As we’ve said before, we want to understand questions about side effects, sexual side effects, addiction, how long you should be on medications, and what specific side effects you should be looking out for. We want to understand this. We want to know what the norm is for these medications on what it would look like, how fast you can see results, and what this process is going to look like. Don’t be afraid to ask lots of questions. 

Now, if you have OCD fear of taking medication or pharmacophobia, a thing you might want to consider is finding an ERP therapist. I’ve had a lot of clients come to me who have consulted with their doctor, and they’ve agreed that medication would be helpful for their recovery and that they required some mental health advice in moving in that direction. What we did is either start by just looking at pictures of medication or we might fill the prescription of the med that they need to take and just have it with them, hold the medication, put it in their hand, smell the medication, and take one with the care and following of a medical professional. Start that process by slowly exposing them and practicing being around that medication to start with.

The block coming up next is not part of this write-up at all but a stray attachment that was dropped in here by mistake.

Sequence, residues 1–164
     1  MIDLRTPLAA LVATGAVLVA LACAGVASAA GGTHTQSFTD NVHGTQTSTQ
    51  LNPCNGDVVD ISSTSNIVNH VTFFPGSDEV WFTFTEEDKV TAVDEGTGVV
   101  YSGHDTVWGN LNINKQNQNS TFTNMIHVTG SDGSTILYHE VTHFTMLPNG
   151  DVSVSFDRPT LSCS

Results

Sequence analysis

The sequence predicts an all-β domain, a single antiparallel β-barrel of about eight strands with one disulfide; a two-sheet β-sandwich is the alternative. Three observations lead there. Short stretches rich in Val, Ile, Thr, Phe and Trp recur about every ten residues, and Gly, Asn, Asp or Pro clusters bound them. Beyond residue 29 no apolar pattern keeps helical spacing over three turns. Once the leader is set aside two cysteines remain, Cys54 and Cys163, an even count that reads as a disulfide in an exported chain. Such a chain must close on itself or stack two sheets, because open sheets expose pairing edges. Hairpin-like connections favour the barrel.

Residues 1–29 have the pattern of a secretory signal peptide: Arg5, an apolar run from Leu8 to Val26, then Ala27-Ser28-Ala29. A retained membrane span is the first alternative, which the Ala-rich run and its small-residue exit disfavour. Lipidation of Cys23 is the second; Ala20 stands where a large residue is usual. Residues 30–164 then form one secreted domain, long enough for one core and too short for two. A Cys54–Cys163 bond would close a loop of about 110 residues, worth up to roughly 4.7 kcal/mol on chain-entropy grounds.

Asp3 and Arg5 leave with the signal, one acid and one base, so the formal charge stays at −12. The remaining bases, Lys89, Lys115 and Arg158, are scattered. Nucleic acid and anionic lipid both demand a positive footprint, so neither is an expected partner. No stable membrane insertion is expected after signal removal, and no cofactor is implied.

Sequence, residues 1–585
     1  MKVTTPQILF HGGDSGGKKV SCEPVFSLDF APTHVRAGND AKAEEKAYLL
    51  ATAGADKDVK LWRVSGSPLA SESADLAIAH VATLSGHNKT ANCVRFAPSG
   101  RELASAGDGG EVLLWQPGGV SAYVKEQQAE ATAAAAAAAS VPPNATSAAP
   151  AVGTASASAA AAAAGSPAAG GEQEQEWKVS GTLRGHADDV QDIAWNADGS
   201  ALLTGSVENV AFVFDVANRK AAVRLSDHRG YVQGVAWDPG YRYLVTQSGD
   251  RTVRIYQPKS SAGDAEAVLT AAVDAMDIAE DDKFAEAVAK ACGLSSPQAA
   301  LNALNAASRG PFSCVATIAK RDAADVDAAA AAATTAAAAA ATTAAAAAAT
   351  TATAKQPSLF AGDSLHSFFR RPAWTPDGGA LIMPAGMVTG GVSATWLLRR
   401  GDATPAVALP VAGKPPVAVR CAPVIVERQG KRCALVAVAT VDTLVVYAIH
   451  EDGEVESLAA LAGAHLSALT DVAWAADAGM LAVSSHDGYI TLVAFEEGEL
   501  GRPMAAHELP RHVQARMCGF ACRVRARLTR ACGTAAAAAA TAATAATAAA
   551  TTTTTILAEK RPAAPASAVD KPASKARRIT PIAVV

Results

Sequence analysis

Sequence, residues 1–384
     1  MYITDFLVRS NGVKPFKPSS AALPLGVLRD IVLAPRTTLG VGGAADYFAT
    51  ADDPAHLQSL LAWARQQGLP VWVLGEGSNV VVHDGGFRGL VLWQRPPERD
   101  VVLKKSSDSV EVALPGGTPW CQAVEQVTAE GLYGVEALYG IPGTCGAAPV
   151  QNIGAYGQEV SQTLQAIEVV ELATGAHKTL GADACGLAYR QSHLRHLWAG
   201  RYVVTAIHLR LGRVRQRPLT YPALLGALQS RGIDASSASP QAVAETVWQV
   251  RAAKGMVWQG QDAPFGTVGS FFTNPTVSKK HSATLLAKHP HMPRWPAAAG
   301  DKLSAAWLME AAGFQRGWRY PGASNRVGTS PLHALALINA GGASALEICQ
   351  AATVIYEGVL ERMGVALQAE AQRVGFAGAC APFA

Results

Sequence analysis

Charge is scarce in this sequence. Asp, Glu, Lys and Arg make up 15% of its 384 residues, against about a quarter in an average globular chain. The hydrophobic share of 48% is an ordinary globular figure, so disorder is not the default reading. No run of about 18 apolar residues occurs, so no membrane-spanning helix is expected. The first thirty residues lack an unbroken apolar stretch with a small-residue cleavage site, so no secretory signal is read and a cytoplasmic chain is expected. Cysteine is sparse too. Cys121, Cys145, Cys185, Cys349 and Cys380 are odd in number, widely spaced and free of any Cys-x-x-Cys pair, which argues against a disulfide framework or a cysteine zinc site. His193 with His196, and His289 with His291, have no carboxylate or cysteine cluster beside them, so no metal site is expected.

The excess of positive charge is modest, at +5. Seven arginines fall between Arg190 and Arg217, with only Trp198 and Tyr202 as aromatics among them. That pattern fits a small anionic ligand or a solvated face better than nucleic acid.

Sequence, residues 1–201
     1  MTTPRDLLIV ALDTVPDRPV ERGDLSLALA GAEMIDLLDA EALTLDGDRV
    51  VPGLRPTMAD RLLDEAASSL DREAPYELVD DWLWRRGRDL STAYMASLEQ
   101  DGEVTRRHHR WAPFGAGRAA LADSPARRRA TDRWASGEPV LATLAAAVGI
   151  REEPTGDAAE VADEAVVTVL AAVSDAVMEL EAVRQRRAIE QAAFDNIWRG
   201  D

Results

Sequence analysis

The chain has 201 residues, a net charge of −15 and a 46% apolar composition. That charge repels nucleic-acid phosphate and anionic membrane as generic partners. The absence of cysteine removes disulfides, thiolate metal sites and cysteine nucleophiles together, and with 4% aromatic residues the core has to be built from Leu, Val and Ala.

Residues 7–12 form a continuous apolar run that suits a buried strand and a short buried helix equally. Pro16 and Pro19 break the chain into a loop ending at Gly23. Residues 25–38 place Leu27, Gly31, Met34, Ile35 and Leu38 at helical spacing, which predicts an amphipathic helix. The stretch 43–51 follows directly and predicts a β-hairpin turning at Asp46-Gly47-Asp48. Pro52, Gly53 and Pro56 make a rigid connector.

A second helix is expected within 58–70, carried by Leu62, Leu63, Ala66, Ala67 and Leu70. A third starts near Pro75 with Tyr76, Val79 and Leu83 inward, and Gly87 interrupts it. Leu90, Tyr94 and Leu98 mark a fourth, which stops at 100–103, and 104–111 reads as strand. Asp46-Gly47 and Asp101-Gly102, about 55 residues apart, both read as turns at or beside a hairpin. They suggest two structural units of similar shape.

If you are someone who’s struggling in that area, absolutely consider seeking out an ERP therapist (exposure and response prevention) who can help manage all of that as we go and help with the response prevention piece. Because remember, exposure is not the main work; it’s also catching any compulsions that you’re doing around the medication. Maybe you’re doing a lot of compulsive checking with the medication and so forth. 

Another thing I want you to think about is being able to challenge your faulty thoughts and beliefs about the medication. As we talked about before, with those reasons that people are afraid, there is often a lot of faulty, catastrophic thinking around medication. Ones that are common that I see with my patients are, “I won’t be able to handle the side effects.” Let’s say a common side effect for a medication might be some nausea. Then we will say, “Okay, let’s talk about your ability to handle nausea. Have you handled nausea in the past?” Let’s say it’s headaches. “Okay, what could you do if those headaches were to appear? How might you speak with your doctor about those? How might you be able to plan for that?” Maybe it’s like, “What if I have a panic attack if I take the medication?” “Okay, let’s talk about some skills and talk about challenging your ability to manage the anxiety that you feel.”